It seems to me that the next big giant step should be in image stabilization, keeping the weight parameters at 25 oz or less.
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Old Monday 26th January 2009, 23:53   #12
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Gosh! Where is the technology taking us?

It seems to me that the next big giant step should be in image stabilization, keeping the weight parameters at 25 oz or less.
and waterproof too!

I didn't buy canon stabilzation binoculars is the warranty is too short.
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Old Tuesday 27th January 2009, 00:48   #13
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Steve,

I have not entirely given up on 10x though it has been quite some time since I owned one. If memory serves me the last one I did own was either the 10x50 Meostar or the 10x42 Euro. In either case they were two 10x's that I thoroughly enjoyed owning. I actually toted the 10x50 around as a full time glass for quite some time. Just having that size binocular in your hands make you "feel" as if you are seeing more.

I would not mind owning either again but would probably lean towards the 10x50 because I enjoy the larger exit pupil.....size and weight be da....ed!

:-)
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Old Tuesday 27th January 2009, 05:18   #14
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and waterproof too!

I didn't buy canon stabilzation binoculars is the warranty is too short.
The most recent (and a bit cheaper-than-before bins) following on from the IS 10x40 are the 15x50 IS and the 18x50 IS. All are waterproofed.

It's possible this might be a breakthough point with IS bins thought making them lighter might be nicer.

I also suspect Canon has a patent on a fair bit of this technology that might list a while so you aren't going to see the Chinese ODMs in this area right now. In fact it would be interesting to know if the Chinese armed forces have IS bins in use (like say the US Army does ... they have M25 14x handheld and vehicle mounted stabilized bins).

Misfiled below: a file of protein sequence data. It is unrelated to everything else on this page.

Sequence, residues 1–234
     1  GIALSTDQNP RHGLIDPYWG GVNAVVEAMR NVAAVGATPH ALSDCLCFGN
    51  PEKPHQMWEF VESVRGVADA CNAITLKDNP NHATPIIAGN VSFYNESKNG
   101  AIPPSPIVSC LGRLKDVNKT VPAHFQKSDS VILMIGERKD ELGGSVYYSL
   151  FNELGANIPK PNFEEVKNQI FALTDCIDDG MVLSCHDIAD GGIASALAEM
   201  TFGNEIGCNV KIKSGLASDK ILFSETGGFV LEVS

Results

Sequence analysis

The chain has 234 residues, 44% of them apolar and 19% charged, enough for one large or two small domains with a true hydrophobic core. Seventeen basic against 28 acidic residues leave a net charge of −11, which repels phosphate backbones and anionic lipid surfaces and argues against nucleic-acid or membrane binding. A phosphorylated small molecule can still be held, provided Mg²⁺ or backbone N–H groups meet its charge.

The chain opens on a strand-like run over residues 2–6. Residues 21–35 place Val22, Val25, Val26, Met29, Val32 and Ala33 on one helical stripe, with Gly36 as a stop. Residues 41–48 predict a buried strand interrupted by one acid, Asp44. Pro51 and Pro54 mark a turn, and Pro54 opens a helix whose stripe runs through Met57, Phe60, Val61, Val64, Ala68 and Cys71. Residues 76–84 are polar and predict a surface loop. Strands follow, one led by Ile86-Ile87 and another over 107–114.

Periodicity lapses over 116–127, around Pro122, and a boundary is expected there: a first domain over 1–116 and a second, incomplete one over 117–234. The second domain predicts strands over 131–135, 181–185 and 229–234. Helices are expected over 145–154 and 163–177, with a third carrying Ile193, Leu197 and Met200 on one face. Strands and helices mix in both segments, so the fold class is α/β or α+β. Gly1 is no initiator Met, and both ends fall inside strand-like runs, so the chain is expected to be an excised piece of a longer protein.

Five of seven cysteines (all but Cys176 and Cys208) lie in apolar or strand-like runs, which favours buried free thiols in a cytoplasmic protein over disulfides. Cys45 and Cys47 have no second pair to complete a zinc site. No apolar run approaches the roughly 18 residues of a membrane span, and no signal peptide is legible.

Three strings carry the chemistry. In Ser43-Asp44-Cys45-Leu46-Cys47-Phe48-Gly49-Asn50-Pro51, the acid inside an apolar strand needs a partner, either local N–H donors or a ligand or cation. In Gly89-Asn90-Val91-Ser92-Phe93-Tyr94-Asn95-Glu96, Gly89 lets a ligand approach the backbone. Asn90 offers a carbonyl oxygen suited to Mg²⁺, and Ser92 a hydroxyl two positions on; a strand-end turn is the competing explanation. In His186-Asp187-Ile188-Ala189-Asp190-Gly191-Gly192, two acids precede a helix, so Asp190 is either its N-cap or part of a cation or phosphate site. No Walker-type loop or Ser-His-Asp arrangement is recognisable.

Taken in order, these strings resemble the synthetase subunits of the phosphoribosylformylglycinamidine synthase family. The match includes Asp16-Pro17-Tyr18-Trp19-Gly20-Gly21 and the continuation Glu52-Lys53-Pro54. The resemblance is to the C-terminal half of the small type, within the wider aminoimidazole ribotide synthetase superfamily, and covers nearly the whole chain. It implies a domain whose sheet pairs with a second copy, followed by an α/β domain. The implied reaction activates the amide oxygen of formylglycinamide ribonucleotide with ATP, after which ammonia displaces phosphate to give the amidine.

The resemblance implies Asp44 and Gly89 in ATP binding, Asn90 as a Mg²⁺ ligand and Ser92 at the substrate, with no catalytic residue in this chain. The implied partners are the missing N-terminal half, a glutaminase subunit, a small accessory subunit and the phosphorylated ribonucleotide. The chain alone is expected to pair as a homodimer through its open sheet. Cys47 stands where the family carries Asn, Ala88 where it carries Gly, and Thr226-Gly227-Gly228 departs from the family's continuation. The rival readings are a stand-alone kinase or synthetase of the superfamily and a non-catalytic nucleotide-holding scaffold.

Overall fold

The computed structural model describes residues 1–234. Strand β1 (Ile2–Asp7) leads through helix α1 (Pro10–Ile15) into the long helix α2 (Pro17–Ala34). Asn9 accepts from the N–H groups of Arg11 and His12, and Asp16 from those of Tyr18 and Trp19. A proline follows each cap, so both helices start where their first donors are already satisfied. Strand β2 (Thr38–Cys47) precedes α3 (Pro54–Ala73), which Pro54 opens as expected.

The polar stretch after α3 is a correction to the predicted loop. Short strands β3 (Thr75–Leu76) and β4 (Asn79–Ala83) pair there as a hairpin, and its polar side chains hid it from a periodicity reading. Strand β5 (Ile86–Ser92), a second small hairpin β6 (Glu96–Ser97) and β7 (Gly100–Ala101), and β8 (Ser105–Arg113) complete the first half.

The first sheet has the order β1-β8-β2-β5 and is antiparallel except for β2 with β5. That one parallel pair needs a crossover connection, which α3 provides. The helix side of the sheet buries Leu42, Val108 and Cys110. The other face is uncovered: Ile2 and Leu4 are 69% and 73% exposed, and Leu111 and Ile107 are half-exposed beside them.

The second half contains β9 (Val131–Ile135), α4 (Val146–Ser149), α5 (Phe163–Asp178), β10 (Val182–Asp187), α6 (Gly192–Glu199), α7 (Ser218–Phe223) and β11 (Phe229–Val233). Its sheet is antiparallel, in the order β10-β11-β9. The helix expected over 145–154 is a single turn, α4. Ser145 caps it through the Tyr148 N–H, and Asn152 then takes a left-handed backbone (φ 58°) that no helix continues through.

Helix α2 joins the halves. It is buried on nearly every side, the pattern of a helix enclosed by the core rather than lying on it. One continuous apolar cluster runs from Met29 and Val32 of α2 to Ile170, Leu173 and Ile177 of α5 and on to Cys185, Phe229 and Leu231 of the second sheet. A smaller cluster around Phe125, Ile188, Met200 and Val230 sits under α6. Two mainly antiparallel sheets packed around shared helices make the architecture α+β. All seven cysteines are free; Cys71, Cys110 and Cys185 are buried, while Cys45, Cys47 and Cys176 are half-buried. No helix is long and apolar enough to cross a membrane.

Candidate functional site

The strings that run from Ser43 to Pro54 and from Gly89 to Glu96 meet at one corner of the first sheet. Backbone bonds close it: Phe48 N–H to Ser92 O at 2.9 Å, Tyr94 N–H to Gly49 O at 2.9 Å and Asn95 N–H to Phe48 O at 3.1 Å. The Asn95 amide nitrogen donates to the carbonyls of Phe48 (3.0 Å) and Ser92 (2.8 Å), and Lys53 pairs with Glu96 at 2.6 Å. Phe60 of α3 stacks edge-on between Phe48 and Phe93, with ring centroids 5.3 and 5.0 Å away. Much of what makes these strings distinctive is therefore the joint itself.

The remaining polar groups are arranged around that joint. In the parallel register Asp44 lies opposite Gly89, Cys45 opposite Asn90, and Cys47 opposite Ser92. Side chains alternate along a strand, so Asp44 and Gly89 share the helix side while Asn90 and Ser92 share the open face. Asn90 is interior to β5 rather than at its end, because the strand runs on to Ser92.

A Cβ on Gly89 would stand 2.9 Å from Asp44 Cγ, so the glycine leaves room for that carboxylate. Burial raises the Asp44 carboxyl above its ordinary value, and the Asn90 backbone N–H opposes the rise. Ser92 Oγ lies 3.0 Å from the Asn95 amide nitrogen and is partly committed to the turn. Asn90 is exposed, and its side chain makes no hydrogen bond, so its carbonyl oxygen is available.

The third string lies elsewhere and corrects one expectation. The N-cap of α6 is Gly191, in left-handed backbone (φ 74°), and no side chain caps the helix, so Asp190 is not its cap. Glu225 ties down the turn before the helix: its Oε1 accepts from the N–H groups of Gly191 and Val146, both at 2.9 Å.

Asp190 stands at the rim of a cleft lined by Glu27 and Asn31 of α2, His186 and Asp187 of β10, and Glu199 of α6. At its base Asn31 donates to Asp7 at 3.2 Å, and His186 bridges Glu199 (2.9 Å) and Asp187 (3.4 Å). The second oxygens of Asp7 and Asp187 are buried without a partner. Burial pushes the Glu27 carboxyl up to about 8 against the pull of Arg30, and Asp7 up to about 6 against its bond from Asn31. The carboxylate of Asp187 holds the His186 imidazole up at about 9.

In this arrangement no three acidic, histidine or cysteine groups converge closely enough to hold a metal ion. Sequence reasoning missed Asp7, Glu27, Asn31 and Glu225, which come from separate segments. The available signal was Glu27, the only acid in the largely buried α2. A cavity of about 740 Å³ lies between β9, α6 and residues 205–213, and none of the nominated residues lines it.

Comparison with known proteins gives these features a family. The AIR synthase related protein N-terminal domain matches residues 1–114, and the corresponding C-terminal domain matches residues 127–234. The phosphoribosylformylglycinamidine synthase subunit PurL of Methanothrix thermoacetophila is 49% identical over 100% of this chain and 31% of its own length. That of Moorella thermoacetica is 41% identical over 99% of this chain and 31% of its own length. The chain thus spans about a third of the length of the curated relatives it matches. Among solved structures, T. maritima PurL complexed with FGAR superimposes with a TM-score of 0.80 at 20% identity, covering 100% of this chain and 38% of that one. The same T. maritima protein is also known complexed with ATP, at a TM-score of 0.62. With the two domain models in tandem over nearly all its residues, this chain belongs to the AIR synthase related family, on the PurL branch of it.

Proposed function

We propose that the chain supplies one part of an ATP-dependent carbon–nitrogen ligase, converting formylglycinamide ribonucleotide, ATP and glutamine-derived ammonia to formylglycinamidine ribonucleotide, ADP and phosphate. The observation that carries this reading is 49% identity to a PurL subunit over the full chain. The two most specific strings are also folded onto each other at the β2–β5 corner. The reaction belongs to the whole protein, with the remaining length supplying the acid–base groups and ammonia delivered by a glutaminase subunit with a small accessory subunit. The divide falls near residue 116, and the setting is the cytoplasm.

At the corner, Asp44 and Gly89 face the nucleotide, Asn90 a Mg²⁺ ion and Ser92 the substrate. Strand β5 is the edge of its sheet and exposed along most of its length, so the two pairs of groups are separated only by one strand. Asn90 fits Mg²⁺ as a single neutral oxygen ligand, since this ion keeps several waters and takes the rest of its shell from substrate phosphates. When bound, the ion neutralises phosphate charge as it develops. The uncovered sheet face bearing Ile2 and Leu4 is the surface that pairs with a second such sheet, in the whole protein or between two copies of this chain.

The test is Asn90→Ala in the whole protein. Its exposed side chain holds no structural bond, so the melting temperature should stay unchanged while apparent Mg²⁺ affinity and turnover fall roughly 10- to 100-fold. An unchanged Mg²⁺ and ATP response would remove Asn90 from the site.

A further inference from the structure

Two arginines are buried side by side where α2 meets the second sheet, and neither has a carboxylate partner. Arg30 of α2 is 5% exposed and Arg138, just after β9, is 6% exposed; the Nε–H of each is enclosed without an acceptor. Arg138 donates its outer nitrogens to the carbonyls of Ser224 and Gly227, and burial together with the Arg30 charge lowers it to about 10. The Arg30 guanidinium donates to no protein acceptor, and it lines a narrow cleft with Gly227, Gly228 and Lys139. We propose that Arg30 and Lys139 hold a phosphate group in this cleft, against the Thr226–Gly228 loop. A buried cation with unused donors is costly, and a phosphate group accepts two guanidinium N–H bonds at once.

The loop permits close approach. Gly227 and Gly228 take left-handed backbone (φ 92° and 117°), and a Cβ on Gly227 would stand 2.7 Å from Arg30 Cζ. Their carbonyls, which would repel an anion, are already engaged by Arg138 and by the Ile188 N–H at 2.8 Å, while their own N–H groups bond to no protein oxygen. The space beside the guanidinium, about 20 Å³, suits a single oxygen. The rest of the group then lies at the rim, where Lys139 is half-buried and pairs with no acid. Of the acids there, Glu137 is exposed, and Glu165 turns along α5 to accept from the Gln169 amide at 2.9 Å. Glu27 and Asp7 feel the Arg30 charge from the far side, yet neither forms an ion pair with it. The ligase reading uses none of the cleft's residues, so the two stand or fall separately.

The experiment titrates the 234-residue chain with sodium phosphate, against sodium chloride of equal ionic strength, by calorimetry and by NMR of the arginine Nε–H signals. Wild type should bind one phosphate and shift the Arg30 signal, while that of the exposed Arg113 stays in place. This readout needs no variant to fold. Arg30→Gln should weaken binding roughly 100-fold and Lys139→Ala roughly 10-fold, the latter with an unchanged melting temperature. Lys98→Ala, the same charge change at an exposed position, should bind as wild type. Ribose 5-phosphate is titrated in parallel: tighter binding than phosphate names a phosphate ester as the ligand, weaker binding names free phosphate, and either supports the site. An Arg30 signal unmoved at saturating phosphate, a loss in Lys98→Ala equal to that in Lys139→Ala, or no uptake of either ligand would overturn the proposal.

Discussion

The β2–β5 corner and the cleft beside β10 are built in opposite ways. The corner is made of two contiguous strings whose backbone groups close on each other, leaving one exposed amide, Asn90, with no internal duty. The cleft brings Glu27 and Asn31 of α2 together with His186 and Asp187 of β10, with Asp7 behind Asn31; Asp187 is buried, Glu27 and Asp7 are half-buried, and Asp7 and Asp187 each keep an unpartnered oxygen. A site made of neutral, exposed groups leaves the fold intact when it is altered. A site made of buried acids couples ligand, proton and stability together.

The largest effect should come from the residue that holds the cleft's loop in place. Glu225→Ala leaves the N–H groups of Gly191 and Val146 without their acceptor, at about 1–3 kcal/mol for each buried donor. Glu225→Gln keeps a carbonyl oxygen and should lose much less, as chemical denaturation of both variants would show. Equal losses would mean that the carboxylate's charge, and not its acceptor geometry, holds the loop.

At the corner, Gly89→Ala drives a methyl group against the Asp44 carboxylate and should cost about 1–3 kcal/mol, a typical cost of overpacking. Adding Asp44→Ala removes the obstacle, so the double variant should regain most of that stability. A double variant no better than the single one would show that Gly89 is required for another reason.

But it seems that the "teens" magnification range is ideal for this sort of usage (essentially a binocular handheld spotting scope).

Interesting point: I was watching the recent BBC Natural World on the Gharial Indian freshwater crocodile and it was interesting to see Romulus Whitaker using Canon IS bins (12x36? or perhaps the waterproof 10x40 ... he was out in the monsoon though undercover) when surveying the crocs. One of the few times I've seen them on TV.

http://www.iconfilms.co.uk/gharial/blues

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Old Wednesday 28th January 2009, 00:21   #15
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Interesting. I have yet to see any of the IS bins in any of the outdoor shows I watch....nature, hunting or birding. I had really thought they were just a small part of the market with little attention paid to them. I have tried a few of the inexpensive Canon models and thought they were good for what they were but after reading some of the issues they exhibit I have just decided to wait a bit to see if someone takes the technology a step further.
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Old Saturday 18th April 2009, 01:42   #16
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Just and FYI, Meopta's new website seems to be up and running.

www.meoptasportsoptics.com
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Old Sunday 19th April 2009, 20:15   #17
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Nice write up from 24hourcampfire.com by Sako75 describing Birdwatching magazine's review of the Meopta 8x32

http://24hourcampfire.com/ubbthreads...88#Post2973488

Quote:
Bird Watching Magazine (UK) Reviews The New Meopta Meostar B1 8x32

in the December edition of Bird Watching magazine (UK) David Chandler puts the new MeoStar 8x32 through its paces.

Overall verdict...

"A very nicely put together binocular which delivers a very good view via some lovely ergonomics. Try them alongside the acknowledged ‘top-gun’ 8x32s. Then compare the prices. This Meostar could be a neo-star"

This is a small, lightweight binocular that felt very good in my hands. The aluminium alloy body is covered in green rubber armour, with some stippling to improve grip and with thumb indents underneath. The thumb indents were well-positioned.